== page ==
WASHINGTON (AFP) - Military chiefs from 21 countries in the US-led coalition fighting the Islamic State (IS) group in Syria and Iraq will gather next week in Washington to discuss the war effort, two defence officials said Friday.
The US military's top ranking officer, General Martin Dempsey, accompanied by the head of US Central Command, General Lloyd Austin, "will convene a meeting of more than 20 foreign chiefs of defence next week in Washington DC to discuss the coalition efforts in the ongoing campaign against ISIL," said a defence official, who spoke on condition of anonymity.
The news came amid warnings from the US of possible reprisal attacks over its war against IS.
The extraordinary meeting will be held on Tuesday at Andrews Air Force base outside the US capital.
It will include all the European partners and all five Arab states taking an active role in the American-led air strikes against the IS group - Bahrain, Jordan, Qatar, Saudi Arabia and the United Arab Emirates, officials told AFP.
Australia was also expected to send its military chief, officials said.
The meeting will occur against the backdrop of sobering news from the front, with IS extremists threatening to seize control of the Syrian border town of Kobane as well as western towns in Iraq, despite a sustained campaign of air raids by US and coalition aircraft.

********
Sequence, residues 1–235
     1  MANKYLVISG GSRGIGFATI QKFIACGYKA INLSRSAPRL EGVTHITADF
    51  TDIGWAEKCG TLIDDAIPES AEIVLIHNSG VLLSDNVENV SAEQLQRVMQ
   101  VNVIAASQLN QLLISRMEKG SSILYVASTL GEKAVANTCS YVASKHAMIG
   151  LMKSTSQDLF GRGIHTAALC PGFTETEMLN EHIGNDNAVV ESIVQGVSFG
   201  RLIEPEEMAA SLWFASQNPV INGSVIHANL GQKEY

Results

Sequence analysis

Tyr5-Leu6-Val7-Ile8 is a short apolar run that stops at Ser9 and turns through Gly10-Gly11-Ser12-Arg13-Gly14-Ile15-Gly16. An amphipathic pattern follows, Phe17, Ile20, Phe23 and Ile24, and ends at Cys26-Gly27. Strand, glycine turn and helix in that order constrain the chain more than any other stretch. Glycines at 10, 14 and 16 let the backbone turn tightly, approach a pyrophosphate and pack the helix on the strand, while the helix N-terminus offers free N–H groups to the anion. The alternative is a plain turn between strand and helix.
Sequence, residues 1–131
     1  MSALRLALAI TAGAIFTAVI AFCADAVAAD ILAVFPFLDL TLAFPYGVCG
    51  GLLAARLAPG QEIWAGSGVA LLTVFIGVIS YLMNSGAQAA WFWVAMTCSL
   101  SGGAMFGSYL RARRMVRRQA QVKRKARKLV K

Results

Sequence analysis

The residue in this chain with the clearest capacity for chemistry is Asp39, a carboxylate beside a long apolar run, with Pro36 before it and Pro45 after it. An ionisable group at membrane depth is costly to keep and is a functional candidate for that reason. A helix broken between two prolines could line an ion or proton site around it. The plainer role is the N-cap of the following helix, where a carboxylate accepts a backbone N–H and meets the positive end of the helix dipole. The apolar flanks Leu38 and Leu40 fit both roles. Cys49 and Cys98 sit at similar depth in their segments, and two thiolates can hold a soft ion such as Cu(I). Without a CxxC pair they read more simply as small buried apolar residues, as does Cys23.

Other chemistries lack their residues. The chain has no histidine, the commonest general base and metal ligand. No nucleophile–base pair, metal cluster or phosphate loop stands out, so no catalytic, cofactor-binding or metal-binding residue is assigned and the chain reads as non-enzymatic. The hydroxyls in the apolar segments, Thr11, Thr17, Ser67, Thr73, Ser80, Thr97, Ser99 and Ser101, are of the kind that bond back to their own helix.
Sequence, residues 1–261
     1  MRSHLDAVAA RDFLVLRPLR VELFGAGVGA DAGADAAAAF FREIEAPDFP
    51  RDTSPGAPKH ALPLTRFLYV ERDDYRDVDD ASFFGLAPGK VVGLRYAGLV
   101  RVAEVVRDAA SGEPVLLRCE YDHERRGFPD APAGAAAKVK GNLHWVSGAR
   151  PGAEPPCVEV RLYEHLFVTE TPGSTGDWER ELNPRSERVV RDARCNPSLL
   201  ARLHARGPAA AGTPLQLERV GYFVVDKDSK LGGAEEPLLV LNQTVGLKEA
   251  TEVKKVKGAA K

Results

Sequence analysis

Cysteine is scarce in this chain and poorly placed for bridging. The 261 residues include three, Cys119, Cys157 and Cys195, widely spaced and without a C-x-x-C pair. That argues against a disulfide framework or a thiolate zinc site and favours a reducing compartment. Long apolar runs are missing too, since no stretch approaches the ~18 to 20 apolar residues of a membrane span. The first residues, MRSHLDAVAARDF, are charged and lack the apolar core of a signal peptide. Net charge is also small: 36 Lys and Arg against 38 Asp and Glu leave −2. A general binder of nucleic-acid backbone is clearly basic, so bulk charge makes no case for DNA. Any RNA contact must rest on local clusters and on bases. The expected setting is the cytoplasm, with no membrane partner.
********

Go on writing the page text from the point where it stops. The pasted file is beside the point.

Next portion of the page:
The air campaign in Iraq has entered its third month in Iraq and its third week in Syria.
Separately, on Friday, the US warned of possible attacks against Western targets in reprisal for its military campaign against the Islamic State group in Syria and Iraq.
The US State Department regularly updates its notice on worldwide risks, but the last update had been in April - before the militants took over a swath of the two countries, and before the creation of a US-Arab-European coalition to fight them.
"Authorities believe there is an increased likelihood of reprisal attacks against US, Western and coalition partner interests throughout the world, especially in the Middle East, North Africa, Europe and Asia," the notice said.
The State Department pointed out that - in response to US air strikes against militant positions and equipment in Syria and Iraq - IS has "called on supporters to attack foreigners wherever they are."
The United States also warned its citizens that "kidnappings and hostage events involving US citizens have become increasingly prevalent," after the kidnapping and murder of two US journalists and two British aid workers by IS.
The US and other Western countries also worry about the potential for attacks by people who have trained with militants in Syria and Iraq, the State Department noted, in particular against US and Western interests in Europe.
"Credible information indicates terrorist groups also seek to continue attacks against US interests in the Middle East and North Africa," it said.